• The product of two factors that have the opposite signs is negative.



If the quadratic expression is less than or less than or equal to 0, then we are interested in values that cause the quadratic expression to be negative.

If the quadratic expression is greater than or greater than or equal to 0, then we are interested in values that cause our quadratic expression to be positive.

 

Step 6: Write the solution set and graph.

 
If you need a review on writing interval notation or graphing an inequality, feel free to go to Tutorial 22: Linear Inequalities.

 
 
 

notebookExample 1:   Solve using a sign graph of factors, write your answer in interval notation and graph the solution set: example 1a.

videoView a video of this example


 
Step 1: Write the quadratic inequality in standard form.

 
This quadratic inequality is already in standard form.

 
 
Step 2: Solve the quadratic equation,quadratic equation, by factoring to get the boundary point(s).

 
example 1b

*Factor

*Set 1st factor = 0 and solve
 
 
 
 
 
 

*Set 2nd factor = 0 and solve
 

 


 
-5 and 3 are boundary points.

 

 
Below is a graph that marks off the boundary points -5 and 3 and shows the three sections that those points have created on the graph.  Note that open holes were used on those two points since our original inequality did not include where it is equal to 0.   

example 1c

Note that the two boundary points create three sections on the graph: example 1dexample 1e , and example 1f.


 
 

 
You can choose ANY point in an interval to represent that interval.  Remember that we are not interested in the actual value that we get, but what SIGN (positive or negative) that we get.

If we chose a number in the first interval, example 1d, like -6 (I could have used -10, -25, or -10000 as long as it is in the interval), it would make both factors negative:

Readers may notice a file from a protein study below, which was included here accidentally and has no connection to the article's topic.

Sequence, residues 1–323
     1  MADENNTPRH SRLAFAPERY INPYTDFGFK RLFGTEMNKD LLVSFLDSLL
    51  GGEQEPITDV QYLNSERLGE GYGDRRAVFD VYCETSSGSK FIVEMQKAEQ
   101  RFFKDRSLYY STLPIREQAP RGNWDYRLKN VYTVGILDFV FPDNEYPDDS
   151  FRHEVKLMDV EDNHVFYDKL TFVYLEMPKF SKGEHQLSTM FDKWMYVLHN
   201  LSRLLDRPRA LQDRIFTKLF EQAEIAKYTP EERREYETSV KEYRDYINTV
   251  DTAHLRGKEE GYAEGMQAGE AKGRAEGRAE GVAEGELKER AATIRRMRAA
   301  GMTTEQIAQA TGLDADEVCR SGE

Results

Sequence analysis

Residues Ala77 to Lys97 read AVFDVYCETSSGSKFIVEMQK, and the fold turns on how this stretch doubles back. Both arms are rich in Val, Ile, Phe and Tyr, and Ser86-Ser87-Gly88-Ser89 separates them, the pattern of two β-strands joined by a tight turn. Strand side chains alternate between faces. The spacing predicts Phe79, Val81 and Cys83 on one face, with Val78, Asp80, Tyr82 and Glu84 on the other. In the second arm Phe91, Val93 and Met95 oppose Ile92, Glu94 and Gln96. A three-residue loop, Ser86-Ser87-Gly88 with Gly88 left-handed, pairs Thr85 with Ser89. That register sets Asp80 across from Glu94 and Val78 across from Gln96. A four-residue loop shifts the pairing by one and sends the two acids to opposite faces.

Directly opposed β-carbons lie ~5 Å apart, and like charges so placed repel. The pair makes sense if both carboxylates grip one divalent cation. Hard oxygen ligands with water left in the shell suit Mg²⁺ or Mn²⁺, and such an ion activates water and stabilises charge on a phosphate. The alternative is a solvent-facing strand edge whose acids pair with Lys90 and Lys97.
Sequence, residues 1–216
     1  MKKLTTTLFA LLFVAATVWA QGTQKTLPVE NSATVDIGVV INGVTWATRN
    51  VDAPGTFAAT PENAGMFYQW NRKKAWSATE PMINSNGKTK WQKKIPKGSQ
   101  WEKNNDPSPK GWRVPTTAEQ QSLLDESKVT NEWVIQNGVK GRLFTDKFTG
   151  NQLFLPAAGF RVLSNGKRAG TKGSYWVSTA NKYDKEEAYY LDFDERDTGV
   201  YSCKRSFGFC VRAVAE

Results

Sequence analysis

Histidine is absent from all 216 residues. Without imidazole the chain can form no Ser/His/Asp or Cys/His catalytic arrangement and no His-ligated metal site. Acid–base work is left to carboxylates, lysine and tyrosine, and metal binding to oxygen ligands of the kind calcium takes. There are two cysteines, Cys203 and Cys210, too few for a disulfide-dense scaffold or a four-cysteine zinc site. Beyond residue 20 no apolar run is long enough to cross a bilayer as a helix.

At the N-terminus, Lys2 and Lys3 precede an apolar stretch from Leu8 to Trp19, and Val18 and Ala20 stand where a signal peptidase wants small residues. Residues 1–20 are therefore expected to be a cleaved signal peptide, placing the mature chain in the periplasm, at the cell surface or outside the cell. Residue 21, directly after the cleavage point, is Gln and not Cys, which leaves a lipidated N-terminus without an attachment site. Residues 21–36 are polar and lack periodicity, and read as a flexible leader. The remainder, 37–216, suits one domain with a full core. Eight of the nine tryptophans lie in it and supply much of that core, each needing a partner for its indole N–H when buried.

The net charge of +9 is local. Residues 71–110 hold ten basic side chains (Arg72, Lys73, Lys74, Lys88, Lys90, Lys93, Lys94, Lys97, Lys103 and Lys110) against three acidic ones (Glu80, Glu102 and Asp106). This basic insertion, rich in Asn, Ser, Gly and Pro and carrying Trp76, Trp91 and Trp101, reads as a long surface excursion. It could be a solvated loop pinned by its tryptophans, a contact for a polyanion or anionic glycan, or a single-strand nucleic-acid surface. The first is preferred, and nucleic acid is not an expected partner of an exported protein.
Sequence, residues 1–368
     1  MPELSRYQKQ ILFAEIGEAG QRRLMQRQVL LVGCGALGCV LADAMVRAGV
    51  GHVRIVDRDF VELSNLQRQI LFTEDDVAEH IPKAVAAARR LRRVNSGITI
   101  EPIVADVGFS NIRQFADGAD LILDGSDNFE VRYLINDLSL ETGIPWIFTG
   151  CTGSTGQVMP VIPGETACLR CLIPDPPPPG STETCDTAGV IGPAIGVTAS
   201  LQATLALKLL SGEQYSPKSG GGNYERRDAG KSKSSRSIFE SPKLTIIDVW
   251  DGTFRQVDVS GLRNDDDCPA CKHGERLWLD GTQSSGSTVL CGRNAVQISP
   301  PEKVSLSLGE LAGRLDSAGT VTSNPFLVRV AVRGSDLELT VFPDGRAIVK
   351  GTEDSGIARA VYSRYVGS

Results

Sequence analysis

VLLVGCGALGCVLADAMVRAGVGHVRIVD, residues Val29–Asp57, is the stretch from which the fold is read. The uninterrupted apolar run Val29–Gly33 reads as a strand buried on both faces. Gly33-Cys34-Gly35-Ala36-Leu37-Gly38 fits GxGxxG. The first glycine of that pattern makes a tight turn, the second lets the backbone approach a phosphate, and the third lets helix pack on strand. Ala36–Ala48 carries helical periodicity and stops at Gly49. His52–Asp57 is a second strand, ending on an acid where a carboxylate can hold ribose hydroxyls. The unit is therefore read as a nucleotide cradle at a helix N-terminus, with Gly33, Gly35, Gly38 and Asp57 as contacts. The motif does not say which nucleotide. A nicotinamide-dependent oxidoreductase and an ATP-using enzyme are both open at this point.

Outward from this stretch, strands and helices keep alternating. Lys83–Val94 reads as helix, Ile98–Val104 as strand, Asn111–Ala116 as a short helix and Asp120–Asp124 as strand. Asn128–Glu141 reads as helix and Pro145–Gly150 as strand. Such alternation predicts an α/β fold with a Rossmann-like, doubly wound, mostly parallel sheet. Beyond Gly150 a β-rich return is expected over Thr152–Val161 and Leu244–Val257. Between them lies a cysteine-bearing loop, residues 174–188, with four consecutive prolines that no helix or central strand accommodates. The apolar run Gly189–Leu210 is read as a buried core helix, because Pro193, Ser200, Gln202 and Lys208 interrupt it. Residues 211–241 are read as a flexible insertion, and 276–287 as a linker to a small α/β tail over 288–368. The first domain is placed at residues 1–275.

-6 + 5 = -1 and -6 - 3 = -9


If we chose a number in the second interval, example 1e, like 0 (I could have used -4, -1, or 2 as long as it is in the interval), it would make x + 5 positive and x - 3 negative: 

0 + 5 = 5 and 0 - 3 = -3
 

If we chose a number in the third interval, example 1f, like 4 (I could have used 10, 25, or 10000 as long as it is in the interval), it would make both factors positive:

 4 + 5 = 9 and 4 - 3 = 1



example 1k

 




In the first interval, example 1d, we have a negative times a negative, so the sign of the quadratic in that interval is positive.

In the second interval, example 1e, we have a positive times a negative, so the sign of the quadratic in that interval is negative.

In the third interval,  example 1f, we have two positives, so the sign of the quadratic in that interval is positive.

Keep in mind that our original problem isexample 1a.  Since we are looking for the quadratic expression to be LESS THAN 0, that means we need our sign to be NEGATIVE.


example 1l


It looks like the only interval that this quadratic is negative is the second interval, example 1e.


 

 
Interval notation: example 1e

Graph: 
example 1j

*Open interval indicating all values between -5 and 3

*Visual showing all numbers between -5 and 3 on the number line

 


 
 
 
notebookExample 2:   Solve using a sign graph of factors, write your answer in interval notation and graph the solution set: example 2a.

videoView a video of this example


 
Step 1: Write the quadratic inequality in standard form.

 
example 2b

*Inv. of sub. 6x squared is add. 6x squared

 
 
Step 2: Solve the quadratic equation,quadratic equation, by factoring to get the boundary point(s).

 
example 2c
*Factor
 

*Set 1st factor = 0 and solve
 
 
 
 
 
 
 
 
 

*Set 2nd factor = 0 and solve
 
 
 
 
 
 

 


 
-5/2 and -1/3 are boundary points.